By LEANDRA ROLLE
IN the wake of Hurricane Dorian, Hampton University in Virginia is offering free tuition, room and board to displaced students at the University of The Bahamas’ Northern Campus for the upcoming fall semester.
UB released a statement on Sunday, expressing gratitude for Hampton University’s generous offer while also noting several university presidents have also pledged to offer their assistance in providing relief for UB students.
“Some students have expressed a desire to explore the study abroad offer which has been extended. Yet, many others want to remain to provide emotional support for their families, friends and communities. They are eager to be a part of the healing and rebuilding that will take shape and help reactivate UB-North operations. This is the goal we working to achieve,” UB said.
Hampton University is a historically black institution located in the US, with more than 4,300 students enrolled for the fall semester.
As noted by UB, students interested in studying at Hampton for the upcoming semester would have to follow certain procedures and protocols in ensuring that courses taken abroad are geared toward the completion of their respective degrees.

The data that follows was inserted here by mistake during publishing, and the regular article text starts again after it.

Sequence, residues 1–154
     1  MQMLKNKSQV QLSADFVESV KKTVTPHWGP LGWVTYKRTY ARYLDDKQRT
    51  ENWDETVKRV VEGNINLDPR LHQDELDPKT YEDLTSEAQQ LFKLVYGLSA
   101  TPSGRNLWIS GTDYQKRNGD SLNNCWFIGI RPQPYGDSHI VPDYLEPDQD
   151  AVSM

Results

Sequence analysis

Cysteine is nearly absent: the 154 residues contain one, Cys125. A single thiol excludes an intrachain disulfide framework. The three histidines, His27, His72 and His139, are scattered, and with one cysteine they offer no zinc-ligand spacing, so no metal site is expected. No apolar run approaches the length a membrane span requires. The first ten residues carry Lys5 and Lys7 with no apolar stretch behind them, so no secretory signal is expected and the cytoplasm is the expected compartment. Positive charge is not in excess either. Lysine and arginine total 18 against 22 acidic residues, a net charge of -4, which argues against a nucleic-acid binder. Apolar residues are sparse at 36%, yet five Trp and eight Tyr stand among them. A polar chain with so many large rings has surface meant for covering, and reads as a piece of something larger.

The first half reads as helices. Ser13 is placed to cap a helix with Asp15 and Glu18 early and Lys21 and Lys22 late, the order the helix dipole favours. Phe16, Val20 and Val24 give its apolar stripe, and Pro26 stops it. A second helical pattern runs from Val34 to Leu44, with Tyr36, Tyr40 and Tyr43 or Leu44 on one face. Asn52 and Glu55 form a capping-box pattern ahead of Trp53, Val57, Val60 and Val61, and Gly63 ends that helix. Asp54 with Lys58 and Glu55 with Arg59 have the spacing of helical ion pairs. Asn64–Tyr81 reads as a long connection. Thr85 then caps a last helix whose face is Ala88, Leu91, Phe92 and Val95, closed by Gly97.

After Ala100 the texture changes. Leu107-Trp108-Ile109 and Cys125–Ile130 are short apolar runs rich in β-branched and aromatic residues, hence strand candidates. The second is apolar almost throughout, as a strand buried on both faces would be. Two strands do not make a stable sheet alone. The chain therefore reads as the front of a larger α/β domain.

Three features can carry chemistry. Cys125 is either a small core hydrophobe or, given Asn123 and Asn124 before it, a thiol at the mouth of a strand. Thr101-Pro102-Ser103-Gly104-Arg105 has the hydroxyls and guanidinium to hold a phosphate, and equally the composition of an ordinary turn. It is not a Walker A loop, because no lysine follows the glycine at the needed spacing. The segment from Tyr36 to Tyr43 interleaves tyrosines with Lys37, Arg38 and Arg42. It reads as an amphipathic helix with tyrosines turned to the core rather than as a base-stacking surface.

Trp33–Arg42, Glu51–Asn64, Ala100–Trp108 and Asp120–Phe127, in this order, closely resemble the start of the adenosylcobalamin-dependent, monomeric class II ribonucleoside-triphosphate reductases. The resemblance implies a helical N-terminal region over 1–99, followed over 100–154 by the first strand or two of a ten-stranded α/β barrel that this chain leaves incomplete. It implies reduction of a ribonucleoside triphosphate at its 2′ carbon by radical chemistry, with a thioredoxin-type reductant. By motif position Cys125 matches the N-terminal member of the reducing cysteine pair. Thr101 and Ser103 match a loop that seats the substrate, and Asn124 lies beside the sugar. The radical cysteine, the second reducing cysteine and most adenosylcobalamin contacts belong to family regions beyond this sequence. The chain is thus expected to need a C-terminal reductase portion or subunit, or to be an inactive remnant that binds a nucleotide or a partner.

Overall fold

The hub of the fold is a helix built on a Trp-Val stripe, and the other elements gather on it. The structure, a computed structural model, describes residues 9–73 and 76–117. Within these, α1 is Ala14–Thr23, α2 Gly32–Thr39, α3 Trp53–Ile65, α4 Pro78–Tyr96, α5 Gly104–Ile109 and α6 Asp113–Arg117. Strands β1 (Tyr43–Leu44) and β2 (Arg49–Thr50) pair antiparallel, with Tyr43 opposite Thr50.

The statement read: “UB students would need to contact the schools abroad directly and have course descriptions for desired courses evaluated by faculty at UB through the Office of Academic Affairs in conjunction with the respective academic units prior to approval; UB students must have a valid passport; UB students would have to secure I-20 Forms from the institution prior to applying for a US student visa, unless granted a temporary longer stay visitor’s visa from the US Embassy.”
In regard to the restoration of university operations in Grand Bahama, UB noted that steps have already been taken to relocate teaching and administrative and resume classes by the end of September. This initiative is currently being led by Vice President of UB-North Dr Ian Strachan.
When The Tribune visited the UB North Campus last Thursday, Mr Strachan was at the facility, where massive damage was visible.
At the time, Mr Strachan said UB North officials were concerned about employees still unaccounted for following the storm.
He said while it is a “major setback” for UB, officials are determined to resume classes and complete the semester off campus, not only at UB’s downtown centre but by utilising classroom space at other institutions in Freeport.
“Our goal is not to cancel any classes. Our goal is to complete the semester,” he said, adding a meeting was planned to discuss the way forward.
Dr Strachan said some 500 students were enrolled at the campus and school officials were concerned about their welfare.
When asked about rebuilding, Mr Strachan said discussions must take place about a possible relocation of the main campus to Freeport.